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Personality traits are broad dimensions of individual differences between people that relate to the way in which we engage with our social worlds. They underpin the consistency with which we think, act and feel across different situations and over time. Adult personality traits are thought to be derived from early life differences in temperament; these are partly genetically determined and shape exposure to social experiences.1 There have been many taxonomies of personality traits, but research over the past 20 years has converged on the view that there are five broad personality dimensions, each of which accommodates a number of lower-order traits. The five factors are: extraversion or positive emotionality (incorporating traits such as sociability, energy, shyness and dominance/subordination); neuroticism or negative emotionality (including lower-order traits such as proneness to anxiety, irritability, sadness, insecurity and guilt); conscientiousness (factors such as reliability, carefulness, persistence and self-control); agreeableness (cooperativeness, consideration, generosity, kindness and politeness); and openness to experience (imaginativeness, insight and aesthetic sensitivity). Individuals vary on all these dispositions, so each person is thought to have a particular combination of trait strengths. Personality traits predict a range of outcomes with moderate consistency, including quality of social and family relationships, marital status and satisfaction, occupational choices, political attitudes and criminality.2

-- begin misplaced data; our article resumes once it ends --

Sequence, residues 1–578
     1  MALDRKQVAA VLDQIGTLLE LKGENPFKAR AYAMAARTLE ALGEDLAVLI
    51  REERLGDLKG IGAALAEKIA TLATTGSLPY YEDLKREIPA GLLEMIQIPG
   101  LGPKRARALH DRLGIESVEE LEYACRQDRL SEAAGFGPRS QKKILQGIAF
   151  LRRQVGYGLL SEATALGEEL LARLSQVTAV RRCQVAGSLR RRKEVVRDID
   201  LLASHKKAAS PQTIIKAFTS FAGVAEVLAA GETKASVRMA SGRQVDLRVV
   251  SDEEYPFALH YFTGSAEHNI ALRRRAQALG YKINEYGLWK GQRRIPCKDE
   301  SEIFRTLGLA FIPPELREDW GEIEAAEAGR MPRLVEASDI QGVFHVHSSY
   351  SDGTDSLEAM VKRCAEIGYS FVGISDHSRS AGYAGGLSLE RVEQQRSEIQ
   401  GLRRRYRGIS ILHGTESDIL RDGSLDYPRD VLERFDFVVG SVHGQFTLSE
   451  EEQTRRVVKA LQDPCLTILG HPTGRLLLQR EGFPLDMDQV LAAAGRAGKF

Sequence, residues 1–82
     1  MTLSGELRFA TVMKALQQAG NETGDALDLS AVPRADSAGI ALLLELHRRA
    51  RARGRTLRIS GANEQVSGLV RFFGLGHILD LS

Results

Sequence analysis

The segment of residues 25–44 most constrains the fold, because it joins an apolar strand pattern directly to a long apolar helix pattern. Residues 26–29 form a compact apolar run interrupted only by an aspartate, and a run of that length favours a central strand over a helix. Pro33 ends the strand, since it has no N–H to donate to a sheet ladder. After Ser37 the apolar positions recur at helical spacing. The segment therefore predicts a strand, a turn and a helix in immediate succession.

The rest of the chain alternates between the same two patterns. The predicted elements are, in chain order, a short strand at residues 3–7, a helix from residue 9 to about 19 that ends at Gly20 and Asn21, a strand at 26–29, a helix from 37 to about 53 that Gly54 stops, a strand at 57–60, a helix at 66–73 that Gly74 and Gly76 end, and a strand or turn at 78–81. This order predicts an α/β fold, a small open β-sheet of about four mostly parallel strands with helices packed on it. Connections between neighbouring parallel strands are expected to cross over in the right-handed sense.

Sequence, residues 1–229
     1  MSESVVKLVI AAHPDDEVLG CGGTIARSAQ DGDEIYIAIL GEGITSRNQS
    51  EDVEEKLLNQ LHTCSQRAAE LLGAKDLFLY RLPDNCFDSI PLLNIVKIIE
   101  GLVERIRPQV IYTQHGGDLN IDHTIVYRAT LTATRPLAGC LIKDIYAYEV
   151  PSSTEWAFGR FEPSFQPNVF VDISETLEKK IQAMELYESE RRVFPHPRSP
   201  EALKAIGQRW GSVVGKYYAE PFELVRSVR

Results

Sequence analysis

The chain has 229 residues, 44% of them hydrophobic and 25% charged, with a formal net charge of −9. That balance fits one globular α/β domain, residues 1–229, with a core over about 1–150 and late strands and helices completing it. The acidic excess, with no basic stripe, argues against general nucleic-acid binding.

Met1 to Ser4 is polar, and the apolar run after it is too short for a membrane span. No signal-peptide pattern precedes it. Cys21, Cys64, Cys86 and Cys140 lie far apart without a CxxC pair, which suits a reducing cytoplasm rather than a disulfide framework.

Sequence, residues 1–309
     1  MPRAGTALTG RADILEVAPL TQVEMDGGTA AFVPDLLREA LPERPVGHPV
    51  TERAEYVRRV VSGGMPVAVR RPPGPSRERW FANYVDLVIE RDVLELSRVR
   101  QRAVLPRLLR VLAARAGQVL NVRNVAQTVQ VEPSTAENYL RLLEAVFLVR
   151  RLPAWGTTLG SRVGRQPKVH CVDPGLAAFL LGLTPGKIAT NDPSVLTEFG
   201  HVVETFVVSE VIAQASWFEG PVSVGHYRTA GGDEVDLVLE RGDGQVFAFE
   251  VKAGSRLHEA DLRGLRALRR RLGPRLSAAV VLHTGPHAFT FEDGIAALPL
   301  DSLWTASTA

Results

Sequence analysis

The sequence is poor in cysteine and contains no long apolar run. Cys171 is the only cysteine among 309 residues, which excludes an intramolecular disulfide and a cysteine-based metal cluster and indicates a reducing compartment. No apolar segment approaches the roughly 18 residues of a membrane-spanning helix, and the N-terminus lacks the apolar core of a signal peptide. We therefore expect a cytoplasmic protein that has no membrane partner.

PERSONALITY AND HEART DISEASE
The role of personality in coronary heart disease (CHD) …
Competing interests: None declared.
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